For the past couple of decades, New World Sauvignon Blanc has become the go-to white wine for many people in Cayman and for good reason: It’s light, it’s fruity, it’s refreshing, all of which means it pairs well with Cayman’s climate and cuisine.
There are several other good white wines out there that have the same characteristics of New World Sauvignon Blanc, but with a little more restraint. You can start with the French versions of the white wine – Sancerre and Pouilly Fumé – from the Loire Valley. Both are made entirely of Sauvignon Blanc and have more nuanced aromas than the over-powering New World versions of the wine.
One to try: Pascal Jolivet Sancerre Blanc. A fruity, fresh and vibrant expression of Sauvignon Blanc that is easy to drink, but still has elegance and finesse.
A different wine Sauvignon Blanc lovers should try is Verdejo, which mostly comes from Spain’s Rueda region. Many Spanish wineries are investing significant resources into Verdejo plantings because of its potential as the next big white wine on the global market. Verdejo has very similar aromas and acidity levels to Sauvignon Blanc, with a little more body, making it a versatile wine for food pairings.
One to try: Bodegas Juan Gil “Arindo” Verdejo. Cheap and cheerful with good acidity and flavors of pineapple and mango, this wine is perfect for a hot day by the pool or sitting at the oceanside bar.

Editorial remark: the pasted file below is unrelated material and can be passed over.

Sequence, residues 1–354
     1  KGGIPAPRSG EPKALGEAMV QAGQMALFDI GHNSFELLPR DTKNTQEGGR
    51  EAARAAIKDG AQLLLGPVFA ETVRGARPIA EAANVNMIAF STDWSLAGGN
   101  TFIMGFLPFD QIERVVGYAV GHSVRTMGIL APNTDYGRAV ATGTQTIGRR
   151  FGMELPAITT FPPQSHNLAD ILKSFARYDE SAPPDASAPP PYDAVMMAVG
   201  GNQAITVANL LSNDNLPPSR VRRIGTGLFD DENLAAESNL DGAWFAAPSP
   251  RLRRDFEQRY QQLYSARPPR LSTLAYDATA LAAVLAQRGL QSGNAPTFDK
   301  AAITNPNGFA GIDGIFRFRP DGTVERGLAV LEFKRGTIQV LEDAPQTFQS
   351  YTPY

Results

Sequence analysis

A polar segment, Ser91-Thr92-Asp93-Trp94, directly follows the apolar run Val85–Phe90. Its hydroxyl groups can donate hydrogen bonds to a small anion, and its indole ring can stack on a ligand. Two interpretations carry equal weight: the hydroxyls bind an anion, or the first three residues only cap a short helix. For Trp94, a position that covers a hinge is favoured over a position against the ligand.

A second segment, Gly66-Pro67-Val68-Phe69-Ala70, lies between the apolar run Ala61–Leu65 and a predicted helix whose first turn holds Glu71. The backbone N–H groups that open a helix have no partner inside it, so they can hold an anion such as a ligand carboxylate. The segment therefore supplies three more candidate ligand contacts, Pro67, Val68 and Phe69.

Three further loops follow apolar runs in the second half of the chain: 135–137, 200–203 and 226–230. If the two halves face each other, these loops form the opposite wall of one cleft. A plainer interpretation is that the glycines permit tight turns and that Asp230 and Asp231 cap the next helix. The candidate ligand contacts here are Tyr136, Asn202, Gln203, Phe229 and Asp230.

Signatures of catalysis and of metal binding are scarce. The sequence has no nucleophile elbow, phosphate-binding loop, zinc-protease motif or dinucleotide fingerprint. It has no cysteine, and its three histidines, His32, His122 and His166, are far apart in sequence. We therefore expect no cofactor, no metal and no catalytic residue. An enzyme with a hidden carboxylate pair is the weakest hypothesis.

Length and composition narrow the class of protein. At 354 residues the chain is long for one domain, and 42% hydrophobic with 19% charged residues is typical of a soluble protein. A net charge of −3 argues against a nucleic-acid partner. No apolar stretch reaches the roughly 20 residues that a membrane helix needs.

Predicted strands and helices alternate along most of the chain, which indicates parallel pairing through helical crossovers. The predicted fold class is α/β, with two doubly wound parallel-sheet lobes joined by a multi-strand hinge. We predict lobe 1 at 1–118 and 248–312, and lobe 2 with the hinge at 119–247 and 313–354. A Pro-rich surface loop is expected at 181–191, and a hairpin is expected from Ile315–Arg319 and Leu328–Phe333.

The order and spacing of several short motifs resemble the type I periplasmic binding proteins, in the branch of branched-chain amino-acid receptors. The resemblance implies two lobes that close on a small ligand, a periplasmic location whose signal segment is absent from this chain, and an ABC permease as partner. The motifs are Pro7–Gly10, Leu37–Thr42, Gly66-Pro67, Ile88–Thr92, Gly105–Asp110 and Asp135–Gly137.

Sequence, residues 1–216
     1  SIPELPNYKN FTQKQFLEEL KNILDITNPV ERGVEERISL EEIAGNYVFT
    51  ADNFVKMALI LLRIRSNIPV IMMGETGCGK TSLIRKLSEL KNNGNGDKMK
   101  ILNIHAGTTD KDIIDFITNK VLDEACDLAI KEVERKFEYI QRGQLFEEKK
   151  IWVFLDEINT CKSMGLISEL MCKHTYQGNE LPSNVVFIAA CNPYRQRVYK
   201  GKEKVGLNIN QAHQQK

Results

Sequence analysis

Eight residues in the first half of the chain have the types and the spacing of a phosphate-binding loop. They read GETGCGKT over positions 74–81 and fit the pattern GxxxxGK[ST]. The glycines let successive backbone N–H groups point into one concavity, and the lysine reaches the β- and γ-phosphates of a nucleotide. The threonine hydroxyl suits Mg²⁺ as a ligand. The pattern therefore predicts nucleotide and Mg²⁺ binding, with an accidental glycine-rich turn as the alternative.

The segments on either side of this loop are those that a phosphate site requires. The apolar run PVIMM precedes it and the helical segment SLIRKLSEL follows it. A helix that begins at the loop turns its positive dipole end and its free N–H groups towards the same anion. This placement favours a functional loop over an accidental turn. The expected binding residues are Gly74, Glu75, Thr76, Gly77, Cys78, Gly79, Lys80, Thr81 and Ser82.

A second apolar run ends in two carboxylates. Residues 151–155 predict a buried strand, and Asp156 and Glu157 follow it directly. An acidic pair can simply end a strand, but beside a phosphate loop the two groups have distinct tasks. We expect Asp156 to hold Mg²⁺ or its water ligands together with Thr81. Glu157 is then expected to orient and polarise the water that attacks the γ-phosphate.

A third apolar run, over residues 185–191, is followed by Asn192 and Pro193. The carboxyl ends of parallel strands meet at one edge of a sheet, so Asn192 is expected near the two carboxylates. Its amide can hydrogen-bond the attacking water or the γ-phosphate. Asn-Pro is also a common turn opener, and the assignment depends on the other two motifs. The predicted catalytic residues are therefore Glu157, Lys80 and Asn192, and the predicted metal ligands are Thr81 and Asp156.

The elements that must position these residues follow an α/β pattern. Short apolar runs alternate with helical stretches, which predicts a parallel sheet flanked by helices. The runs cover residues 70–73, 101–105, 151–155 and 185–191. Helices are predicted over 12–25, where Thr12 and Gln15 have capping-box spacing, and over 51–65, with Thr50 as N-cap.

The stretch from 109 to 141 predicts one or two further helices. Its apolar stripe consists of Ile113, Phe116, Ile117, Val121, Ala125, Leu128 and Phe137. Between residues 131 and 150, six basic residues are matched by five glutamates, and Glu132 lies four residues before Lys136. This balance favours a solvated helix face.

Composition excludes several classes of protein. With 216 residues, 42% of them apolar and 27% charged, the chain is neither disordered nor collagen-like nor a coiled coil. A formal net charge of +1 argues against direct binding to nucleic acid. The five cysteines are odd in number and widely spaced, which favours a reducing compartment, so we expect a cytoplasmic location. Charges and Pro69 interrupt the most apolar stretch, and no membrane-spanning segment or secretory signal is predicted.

The mass-produced Pinot Grigio wines from Italy are popular not so much because of what they are, but because of what they aren’t. There is virtually nothing offensive about Pinot Grigio unless you happen to find a lack of taste complexity offensive. These wines are light, crisp and refreshing and super easy to drink. But not all Pinot Grigio in Italy is made in the way of the big producers, nor is it made that way in other parts of the world, where it is known as Pinot Gris.
One to try: Elk Cove Pinot Gris. It is bright and refreshing, with lemon and pineapple aromas, a soft texture, and flavors of melons and citrus.
Looking for other “what’s not to like?” wines, Albariño from Spain fits the bill. Light, tangy and juicy with floral and stone-fruit aromatics, Albariño makes a natural pairing with sushi and all kinds of cooked seafood.
One to try: Paco & Lola Albariño. From the Rias Baixas region of Spain, everything about Paco & Lola Albariño is fun, from the name of the winery and polka-dotted bottle label, to the sweet aromas of flowers and intense fruits on the palate. A great food pairing wine.
Another wine to try if you like Italian Pinot Grigio comes from farther south in Italy, in Campania. Falanghina is an ancient grape of Greek origin, but it has found a home in the volcanic soils around Mount Vesuvius, which imparts a distinctive minerality base in the wines. It is medium-bodied with good acidity and pairs well with seafood, as well as pasta and rice dishes.
One to try: Feudi di San Gregorio Falanghina. With intense aromas of tropical fruits, apples, pears and white flowers, this is an elegant, yet inexpensive white wine with the versatility to carry an entire meal that does not include red meat.